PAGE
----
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Ancient Sailor's and Their Bizarre Rituals and Superstitions!
The navy today live in a bright new world of technology and science. But back in history sailors lived by the sword. There were hangings, floggings and many more horrible ways to perish at sea.
So its totally understandable that all the sailors, including the captain turned their minds to religion and strange beliefs to get them home, or at least save their souls.
Some of the strange beliefs do make sense, others are a case of word upon word, or Chinese whispers. But the whole point of believing in these strange religions or odd superstitions is that it kept them alive. Without these beliefs, many would have died through physical pain, or mental distress.
Back in the 18th Century it was not uncommon for a sailor to be punished with 24 lashes or more for being drunk on duty. Old hands at the game of cheating authority had a great word of advice for all new sailors.
Get a crucifix tattooed on your back. The reason for this was that the bosun's mate who usually got roped in to deal the punishment would actually flinch away from the contact.
Let's face it, nobody wanted to defaim the Cross of Jesus, especially at sea where just the slightest swell of the water would cause the Mates's to pray to God.
Laying the cat o' nine tails across the shipmates back would put the fear of God into all of them. The trouble was, if they couldn't take the lash, then they would be given other punishments instead, such as keel hauling.
This is when the sailor is tied to the ship, and pulled underneath until he comes up the other side. Most drown before they emerge from the water.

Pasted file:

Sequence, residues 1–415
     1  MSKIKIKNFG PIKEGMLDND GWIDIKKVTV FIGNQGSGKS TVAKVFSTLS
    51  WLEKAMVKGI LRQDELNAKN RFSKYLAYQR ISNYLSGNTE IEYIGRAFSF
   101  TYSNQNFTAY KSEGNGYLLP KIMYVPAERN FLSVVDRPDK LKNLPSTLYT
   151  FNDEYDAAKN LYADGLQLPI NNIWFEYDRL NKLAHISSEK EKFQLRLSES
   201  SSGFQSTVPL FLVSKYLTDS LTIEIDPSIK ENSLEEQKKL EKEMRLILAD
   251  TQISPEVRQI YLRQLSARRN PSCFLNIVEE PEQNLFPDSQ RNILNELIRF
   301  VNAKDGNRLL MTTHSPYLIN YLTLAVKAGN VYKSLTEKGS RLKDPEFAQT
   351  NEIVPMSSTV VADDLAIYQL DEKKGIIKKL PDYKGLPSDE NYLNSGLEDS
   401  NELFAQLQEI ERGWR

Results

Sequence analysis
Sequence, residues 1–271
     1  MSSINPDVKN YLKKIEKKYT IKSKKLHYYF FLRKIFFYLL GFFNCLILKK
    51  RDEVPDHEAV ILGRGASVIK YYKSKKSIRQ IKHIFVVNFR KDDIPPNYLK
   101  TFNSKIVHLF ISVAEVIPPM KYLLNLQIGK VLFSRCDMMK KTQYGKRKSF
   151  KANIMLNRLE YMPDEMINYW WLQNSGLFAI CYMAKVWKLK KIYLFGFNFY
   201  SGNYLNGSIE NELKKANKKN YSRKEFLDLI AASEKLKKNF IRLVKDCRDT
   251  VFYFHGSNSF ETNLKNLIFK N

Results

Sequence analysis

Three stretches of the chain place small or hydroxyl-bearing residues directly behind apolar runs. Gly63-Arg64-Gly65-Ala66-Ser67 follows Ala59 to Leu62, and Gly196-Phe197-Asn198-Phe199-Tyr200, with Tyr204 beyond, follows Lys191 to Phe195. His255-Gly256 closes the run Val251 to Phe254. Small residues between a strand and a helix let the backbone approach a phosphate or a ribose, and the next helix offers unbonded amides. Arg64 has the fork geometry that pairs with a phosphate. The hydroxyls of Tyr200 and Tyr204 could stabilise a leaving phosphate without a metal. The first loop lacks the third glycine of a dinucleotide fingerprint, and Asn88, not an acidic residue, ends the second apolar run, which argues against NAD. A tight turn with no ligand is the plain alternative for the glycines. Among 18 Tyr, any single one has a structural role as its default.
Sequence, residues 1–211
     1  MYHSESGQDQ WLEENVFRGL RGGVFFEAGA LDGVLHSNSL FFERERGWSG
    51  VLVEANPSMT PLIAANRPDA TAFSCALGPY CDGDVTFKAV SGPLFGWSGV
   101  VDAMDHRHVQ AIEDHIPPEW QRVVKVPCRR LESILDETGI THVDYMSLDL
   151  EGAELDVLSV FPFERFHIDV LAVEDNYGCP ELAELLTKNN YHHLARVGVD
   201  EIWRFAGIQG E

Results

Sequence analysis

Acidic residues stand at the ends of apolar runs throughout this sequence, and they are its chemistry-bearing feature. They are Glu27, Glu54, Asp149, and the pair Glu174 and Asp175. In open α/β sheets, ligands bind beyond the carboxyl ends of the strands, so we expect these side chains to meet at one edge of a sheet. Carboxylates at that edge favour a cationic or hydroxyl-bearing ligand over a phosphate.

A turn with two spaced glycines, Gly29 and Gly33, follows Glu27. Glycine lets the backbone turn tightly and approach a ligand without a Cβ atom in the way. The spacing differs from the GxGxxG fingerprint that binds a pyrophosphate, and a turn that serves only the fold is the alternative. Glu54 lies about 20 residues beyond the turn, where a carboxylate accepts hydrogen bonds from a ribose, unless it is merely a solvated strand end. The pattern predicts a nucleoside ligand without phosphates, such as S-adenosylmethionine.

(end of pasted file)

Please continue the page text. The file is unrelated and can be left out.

Vicars and Vipers.
In other legends of the sea, Christian symbols and vicars too are feared because they bring bad luck. Perhaps they feel that they catch the eye of God too much, and if they make any mistake they will be punished?
Faced with the perils and mysteries of the sea, sailors have adopted many beliefs from all around the world. Whether it be animals, birds, names even an action as apparently harmless as whistling can bring bad luck. Maybe the old saying a 'Whistling woman and a crowing hen ain't no good to God or men' has something to do with it!
The beliefs of the past have not completely died out though. Even today the Admiralty take seriously the names of new ships in the fleet, and steer away from the ones that are supposed to bring bad luck.
Evidently reptile names are nearly all banned these days. The reason? Back in the past, the navy has lost four vipers, four serpents, a cobra, an adder, a crocodile, and an alligator. All these were the name of ships that were lost at sea.
These days many beliefs of the sea are still practiced. Even on board a modern ship the salute to quarterdeck which the sailor makes on coming on board has its origin in the time when a crucifix was hung there.
Some fishermen even today will not sail if they meet a priest or a nun on their way to the boat or ship.
Reading aloud from the Bible or quoting phrases from the Bible at sea carries a terrible risk of bringing doom and disaster to the ship. Unless of course its on a Sunday or during a burial at sea.
A famous curse.